In various writings, including “The Future of Liberalism” (1935), John Dewey argued that natural rights, like human nature itself, are not fixed. Far from being merely inherent in the individual, “human nature” is malleable and socially created and socially responsive. Dewey’s writings on psychology and education were intended to aid in the socializing of individuals from childhood on, to make them more pliable to environmental manipulation—a “continuous reconstruction” of the self through social and political “experimentation” guided by social scientists. Dewey was echoing Woodrow Wilson and other Progressives, who wanted to transform America from a nation focused on individual rights.
But what if people fail? Should they blame their parents, teachers, churches, or neighbors? Or should it be the failure of unimaginative politicians, who won’t expand the role of government to meet people’s wants? As Woodrow Wilson put it, 100 years ago, “Living political constitutions must be Darwinian in structure and in practice.” And thus we must recognize, Wilson argues, that the Declaration of Independence is not relevant for our time, as we have evolved beyond it. All that we previously valued politically, such as rights, freedom, and equality, must be understood in a new way, Professor Wilson insists. Professor Obama follows the Wilson argument and redoubles it and more.
Obama obscures what young scholar Woodrow Wilson wrote in an unpublished paper in 1887, in which he argued that there was no fundamental difference between socialism and democracy—for each claimed unlimited power over the definition of the common or public good. “[F]or it is very clear that, in fundamental theory, socialism and democracy are almost, if not quite, one and the same. They both rest at bottom upon the absolute right of the community to determine its own destiny and that of its members. Men as communities are supreme over men as individuals.”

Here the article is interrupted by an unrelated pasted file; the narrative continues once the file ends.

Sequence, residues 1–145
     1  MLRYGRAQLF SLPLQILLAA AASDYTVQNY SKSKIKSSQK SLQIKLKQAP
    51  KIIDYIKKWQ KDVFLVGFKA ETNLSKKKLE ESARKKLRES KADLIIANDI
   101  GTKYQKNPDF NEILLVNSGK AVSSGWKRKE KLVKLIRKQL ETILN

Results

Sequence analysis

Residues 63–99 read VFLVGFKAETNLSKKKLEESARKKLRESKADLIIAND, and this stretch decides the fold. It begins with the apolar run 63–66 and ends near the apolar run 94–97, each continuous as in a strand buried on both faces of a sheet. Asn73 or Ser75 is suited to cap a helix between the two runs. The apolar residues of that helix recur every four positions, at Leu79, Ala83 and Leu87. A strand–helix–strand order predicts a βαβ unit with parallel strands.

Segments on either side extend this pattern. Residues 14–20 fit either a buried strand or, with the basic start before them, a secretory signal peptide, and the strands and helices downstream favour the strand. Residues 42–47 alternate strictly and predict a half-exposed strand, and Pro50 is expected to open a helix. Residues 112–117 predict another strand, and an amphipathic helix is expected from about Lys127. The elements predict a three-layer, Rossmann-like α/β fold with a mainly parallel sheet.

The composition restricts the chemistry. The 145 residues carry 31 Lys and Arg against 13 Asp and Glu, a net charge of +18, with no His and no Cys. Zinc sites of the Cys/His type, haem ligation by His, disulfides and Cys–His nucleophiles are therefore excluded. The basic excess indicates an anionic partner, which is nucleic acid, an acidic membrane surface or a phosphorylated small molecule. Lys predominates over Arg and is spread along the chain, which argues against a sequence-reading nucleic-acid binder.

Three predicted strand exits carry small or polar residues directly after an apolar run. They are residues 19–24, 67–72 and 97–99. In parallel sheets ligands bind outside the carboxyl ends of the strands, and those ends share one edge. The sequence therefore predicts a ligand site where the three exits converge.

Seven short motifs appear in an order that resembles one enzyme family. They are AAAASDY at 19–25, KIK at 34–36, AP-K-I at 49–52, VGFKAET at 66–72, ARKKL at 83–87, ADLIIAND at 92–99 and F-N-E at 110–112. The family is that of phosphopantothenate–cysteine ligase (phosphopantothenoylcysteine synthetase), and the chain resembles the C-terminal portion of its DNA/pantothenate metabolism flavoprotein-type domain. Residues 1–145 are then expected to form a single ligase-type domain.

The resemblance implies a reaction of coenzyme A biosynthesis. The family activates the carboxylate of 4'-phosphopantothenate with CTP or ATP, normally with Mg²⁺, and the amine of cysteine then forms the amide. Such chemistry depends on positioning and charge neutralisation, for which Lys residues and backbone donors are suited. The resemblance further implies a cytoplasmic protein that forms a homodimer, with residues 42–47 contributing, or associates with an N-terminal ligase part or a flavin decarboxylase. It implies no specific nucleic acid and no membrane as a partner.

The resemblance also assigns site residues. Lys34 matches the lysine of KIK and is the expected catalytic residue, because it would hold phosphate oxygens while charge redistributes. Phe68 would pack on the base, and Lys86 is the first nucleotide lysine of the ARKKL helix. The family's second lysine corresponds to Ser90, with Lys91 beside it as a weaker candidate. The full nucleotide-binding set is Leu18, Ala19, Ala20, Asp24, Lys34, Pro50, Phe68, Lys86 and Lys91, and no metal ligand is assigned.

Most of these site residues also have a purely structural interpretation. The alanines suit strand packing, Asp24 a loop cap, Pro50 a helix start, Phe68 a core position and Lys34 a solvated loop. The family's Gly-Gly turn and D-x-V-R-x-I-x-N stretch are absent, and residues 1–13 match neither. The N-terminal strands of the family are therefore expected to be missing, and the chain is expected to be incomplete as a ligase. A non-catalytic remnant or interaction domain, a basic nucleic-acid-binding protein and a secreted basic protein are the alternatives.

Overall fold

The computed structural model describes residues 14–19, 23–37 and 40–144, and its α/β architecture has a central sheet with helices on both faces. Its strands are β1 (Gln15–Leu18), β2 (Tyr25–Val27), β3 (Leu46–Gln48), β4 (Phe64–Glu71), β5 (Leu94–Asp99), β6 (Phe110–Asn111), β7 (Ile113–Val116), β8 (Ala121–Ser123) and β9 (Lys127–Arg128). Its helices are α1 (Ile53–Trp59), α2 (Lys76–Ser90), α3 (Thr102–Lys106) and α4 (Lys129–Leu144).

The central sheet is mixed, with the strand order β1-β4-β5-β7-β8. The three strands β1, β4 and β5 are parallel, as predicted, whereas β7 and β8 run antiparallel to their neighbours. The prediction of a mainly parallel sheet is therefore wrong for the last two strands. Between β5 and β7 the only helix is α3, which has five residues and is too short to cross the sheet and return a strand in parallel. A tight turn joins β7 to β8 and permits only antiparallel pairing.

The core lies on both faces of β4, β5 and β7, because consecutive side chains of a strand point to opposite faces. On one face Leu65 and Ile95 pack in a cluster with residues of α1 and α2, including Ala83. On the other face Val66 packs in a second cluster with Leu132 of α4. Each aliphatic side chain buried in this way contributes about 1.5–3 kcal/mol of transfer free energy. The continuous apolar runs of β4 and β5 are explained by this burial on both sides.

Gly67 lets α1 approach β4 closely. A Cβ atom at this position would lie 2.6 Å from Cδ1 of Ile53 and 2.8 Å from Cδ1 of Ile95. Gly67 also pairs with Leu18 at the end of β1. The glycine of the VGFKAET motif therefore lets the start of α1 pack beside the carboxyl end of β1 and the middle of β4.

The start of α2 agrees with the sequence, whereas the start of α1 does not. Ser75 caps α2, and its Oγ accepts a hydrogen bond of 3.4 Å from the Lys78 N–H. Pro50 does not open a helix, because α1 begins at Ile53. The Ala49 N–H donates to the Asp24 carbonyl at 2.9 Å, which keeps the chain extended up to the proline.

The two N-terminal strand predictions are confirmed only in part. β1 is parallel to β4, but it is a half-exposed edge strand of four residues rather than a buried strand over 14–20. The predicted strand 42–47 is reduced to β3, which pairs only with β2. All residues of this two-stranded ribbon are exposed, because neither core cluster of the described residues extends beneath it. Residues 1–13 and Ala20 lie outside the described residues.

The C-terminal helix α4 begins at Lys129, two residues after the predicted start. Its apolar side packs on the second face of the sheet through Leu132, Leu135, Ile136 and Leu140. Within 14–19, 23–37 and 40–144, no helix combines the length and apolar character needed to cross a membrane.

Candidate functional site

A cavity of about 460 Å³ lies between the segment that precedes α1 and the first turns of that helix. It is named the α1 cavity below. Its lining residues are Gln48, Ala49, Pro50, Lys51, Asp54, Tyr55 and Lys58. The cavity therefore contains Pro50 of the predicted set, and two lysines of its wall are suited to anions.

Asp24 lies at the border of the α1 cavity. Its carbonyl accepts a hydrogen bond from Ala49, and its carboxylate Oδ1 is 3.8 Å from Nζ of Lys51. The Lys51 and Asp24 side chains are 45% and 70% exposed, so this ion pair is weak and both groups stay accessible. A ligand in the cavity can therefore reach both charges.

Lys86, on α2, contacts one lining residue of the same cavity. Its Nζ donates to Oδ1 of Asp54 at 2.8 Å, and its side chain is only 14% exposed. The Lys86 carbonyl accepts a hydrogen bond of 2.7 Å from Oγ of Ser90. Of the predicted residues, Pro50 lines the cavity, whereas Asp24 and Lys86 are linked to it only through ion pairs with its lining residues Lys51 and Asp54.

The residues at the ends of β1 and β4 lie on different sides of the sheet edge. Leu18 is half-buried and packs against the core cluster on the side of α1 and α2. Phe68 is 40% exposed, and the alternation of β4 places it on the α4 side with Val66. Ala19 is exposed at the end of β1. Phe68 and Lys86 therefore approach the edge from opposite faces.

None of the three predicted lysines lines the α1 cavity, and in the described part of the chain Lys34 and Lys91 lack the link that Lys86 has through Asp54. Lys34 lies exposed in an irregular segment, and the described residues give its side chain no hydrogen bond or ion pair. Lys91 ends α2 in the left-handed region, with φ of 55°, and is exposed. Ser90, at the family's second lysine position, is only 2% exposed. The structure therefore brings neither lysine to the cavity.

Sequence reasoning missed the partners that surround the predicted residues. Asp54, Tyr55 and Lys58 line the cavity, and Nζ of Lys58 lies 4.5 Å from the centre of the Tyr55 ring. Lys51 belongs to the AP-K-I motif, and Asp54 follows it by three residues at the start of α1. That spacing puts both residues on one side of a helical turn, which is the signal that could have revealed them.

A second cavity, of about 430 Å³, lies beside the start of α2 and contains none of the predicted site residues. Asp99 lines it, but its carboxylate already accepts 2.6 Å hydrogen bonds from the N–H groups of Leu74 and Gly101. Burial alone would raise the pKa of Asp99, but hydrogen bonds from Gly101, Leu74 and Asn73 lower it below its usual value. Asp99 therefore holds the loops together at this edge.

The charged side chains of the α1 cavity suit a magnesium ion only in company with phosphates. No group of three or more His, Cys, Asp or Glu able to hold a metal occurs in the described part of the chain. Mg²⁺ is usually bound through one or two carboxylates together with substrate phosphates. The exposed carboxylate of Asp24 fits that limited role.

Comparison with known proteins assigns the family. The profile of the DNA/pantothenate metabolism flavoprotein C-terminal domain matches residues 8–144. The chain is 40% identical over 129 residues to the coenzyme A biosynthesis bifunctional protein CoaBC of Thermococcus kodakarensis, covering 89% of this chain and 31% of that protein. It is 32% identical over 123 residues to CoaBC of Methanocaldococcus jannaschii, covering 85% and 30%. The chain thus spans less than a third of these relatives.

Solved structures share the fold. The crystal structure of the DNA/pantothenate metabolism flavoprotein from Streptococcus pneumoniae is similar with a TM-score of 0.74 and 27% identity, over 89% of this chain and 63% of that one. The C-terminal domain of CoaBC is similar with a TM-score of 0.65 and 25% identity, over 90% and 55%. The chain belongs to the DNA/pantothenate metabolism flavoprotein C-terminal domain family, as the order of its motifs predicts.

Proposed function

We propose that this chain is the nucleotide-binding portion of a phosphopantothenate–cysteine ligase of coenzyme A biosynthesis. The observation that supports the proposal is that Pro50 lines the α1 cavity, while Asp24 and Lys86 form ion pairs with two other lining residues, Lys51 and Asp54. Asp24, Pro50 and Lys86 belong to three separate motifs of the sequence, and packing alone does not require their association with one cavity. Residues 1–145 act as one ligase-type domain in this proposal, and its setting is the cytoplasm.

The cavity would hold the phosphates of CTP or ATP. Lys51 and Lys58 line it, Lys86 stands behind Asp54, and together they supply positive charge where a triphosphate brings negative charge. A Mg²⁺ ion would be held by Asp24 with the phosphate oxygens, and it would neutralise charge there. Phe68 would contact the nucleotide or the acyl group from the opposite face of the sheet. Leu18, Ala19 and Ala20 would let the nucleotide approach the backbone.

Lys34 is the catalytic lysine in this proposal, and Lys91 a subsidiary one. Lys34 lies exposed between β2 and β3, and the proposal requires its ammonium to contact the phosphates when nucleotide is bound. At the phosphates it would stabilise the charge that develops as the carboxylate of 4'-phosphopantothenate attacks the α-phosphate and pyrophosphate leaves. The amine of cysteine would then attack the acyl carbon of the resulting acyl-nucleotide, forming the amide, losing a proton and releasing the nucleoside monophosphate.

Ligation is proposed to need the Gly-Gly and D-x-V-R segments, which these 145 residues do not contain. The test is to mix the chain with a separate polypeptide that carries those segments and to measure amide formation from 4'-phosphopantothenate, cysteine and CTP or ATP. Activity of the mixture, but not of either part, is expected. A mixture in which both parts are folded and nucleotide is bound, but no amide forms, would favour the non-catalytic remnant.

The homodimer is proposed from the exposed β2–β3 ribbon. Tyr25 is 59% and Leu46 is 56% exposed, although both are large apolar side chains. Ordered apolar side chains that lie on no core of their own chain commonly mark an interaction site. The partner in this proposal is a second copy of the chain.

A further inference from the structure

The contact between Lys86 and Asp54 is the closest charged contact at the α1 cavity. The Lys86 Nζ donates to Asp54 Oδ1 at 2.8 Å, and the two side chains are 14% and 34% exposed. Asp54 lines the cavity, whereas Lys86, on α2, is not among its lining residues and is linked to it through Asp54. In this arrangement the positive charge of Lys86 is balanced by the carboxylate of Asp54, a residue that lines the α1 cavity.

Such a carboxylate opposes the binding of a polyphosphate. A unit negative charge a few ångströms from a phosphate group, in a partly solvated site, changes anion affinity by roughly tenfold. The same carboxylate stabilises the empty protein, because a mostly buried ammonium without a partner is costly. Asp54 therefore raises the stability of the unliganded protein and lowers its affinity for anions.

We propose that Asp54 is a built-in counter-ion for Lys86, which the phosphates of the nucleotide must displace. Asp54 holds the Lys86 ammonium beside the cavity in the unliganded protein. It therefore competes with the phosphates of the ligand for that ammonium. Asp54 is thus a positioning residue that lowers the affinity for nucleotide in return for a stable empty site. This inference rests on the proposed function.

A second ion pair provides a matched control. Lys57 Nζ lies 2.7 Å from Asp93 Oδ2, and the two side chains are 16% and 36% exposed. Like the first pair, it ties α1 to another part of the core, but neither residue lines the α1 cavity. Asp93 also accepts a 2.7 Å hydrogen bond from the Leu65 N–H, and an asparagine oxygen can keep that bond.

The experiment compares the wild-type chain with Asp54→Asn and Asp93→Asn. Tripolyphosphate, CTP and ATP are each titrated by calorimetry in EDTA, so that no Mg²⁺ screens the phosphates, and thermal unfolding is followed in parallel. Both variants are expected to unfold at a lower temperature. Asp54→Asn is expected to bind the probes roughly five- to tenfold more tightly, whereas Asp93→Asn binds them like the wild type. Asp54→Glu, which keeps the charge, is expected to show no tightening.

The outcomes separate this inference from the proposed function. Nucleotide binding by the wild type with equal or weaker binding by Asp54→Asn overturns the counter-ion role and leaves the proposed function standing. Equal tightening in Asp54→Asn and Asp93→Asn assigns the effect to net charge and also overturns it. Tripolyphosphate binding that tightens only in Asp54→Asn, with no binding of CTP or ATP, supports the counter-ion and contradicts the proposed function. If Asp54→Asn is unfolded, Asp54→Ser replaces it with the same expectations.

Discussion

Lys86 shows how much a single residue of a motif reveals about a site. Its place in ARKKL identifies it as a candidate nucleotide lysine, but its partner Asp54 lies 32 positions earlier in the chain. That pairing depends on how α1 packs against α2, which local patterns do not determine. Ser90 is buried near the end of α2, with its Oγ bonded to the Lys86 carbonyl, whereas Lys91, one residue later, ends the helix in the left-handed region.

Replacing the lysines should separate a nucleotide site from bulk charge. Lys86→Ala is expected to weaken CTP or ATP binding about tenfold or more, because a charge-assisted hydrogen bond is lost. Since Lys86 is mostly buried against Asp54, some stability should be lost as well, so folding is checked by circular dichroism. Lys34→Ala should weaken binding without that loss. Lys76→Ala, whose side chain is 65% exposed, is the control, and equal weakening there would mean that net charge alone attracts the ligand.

Thus, in attacking the Obama update on socialism, the focus should not only be on business success, or the success of great entrepreneurs, but on the successful lives of most Americans. Obama is not only out to attack the 1% but transform the 100% in their understanding of the meaning of America and its fundamental ideals. The response to Obama that he’s waging “class warfare” merely plays into Progressive hands—it assumes with Progressivism that there are two warring classes instead of one overarching, uniting principle of individual rights.
Abraham Lincoln stated the core of the objection to Obama, when he described the work of a slave black woman, his initial speech on the Dred Scott opinion: “in her natural right to eat the bread she earns with her own hands without asking leave of any one else, she is my equal, and the equal of all others.” Obama would have to tell that slave black woman her labors too did indeed belong to “somebody else.” But she knew that to begin with.